Auto Powertrain Warranty – What Does it Cover?


When you purchased your new car, you might have been too excited about your new ride to really take the time to think about the little extras that came with your car. Take your warranty, for instance. Your dealership included an auto powertrain warranty with your new car. But do you really know what that means? Learn what a powertrain warranty covers, and what it does not.

What is a powertrain warranty? This is a warranty that covers a specific section of your car, and nothing else. The powertrain is defined as the engine, transmission and drive train of the vehicle. So, if a problem pops up in the engine, or how it transfers power to the transmission, or how the transmission moves the drive train to move the wheels, it will be covered by the warranty.

Who provides the warranty? A powertrain warranty can be provided as either part of the whole of your initial standard manufacturer’s warranty, or it can be a stand-along warranty provided as an extended warranty. In the first case, the provider will be the manufacturer. In the latter, it would be a third party provider. Some people will be under the impression that an extended warranty, purchased from the dealership when the car was bought, will be through the manufacturer. Often, this is not the case, and these “dealer” warranties are also run through third-party providers.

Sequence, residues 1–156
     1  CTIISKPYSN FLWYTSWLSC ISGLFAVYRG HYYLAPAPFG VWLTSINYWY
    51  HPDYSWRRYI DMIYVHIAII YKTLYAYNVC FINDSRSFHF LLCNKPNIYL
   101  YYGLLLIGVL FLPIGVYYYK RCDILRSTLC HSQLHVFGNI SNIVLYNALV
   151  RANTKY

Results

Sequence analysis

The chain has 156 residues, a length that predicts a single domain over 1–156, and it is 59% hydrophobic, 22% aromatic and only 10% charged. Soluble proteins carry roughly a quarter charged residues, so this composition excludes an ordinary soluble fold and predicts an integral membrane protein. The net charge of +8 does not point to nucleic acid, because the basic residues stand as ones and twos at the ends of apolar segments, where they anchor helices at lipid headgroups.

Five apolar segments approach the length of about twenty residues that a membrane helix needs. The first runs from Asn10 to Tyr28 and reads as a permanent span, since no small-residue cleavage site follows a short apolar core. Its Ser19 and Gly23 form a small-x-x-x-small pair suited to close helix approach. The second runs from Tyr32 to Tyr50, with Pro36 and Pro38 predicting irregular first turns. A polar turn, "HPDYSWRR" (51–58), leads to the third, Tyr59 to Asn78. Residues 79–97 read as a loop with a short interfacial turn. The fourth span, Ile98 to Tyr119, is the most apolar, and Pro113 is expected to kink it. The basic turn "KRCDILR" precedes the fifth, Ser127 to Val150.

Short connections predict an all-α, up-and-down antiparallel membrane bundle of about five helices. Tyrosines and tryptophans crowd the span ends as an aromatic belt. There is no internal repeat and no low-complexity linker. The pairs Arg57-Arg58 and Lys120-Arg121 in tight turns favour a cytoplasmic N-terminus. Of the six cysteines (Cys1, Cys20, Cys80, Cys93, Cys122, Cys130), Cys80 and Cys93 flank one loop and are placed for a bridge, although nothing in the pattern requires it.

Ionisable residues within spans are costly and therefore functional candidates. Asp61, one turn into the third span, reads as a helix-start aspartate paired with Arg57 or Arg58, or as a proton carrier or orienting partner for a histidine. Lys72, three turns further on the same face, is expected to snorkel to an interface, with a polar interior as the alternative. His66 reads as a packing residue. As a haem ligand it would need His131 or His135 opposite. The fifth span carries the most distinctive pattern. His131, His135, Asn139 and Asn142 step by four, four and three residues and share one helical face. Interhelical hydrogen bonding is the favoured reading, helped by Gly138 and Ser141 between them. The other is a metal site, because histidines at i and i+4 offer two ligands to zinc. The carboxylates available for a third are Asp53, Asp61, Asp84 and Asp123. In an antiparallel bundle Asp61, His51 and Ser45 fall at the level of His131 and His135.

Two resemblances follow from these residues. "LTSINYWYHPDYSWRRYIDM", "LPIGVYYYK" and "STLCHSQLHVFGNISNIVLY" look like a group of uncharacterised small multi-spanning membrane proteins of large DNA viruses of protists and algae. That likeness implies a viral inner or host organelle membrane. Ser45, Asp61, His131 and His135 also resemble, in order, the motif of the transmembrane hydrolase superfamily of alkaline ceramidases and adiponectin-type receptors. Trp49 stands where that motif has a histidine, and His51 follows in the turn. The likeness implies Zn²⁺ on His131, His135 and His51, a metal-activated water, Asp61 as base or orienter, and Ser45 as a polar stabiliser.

How long will it last? The length of your powertrain warranty will depend solely on the provider and the conditions you agree to. There are several lengths available, anywhere from 30 days to ten years. The only way to know how long your coverage will last is to read the fine print on your copy of your warranty information.

Is this enough coverage for my car? Whether this is enough coverage really depends on your comfort level with the risk of other problems, as well as your knowledge of your car. The make, model and year of your car can tell you a lot – including whether you should bump up your coverage, or whether an auto powertrain warranty will be enough to cover you. If your car is prone to other problems, you will want to look into more coverage. If not, you might be able to survive with the lower costing warranty. The decision is yours, but it is only a good one if you make an informed choice, based on everything you know about your car, and not just picking the cheapest option.


Source by Gregory D Nelson

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